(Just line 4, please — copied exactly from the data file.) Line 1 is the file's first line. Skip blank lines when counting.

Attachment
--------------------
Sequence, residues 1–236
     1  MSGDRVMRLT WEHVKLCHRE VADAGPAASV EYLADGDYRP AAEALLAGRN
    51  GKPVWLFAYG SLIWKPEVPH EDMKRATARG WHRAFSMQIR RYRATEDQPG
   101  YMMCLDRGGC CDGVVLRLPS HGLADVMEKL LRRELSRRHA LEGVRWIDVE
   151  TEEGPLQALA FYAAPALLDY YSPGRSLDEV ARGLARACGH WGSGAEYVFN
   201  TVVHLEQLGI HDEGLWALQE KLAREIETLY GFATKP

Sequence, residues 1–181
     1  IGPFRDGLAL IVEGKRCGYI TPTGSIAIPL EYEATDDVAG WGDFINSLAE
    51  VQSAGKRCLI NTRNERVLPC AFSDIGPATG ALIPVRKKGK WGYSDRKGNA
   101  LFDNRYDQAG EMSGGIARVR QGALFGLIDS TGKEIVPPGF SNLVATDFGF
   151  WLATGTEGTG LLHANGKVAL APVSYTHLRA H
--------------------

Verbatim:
   101  YMMCLDRGGC CDGVVLRLPS HGLADVMEKL LRRELSRRHA LEGVRWIDVE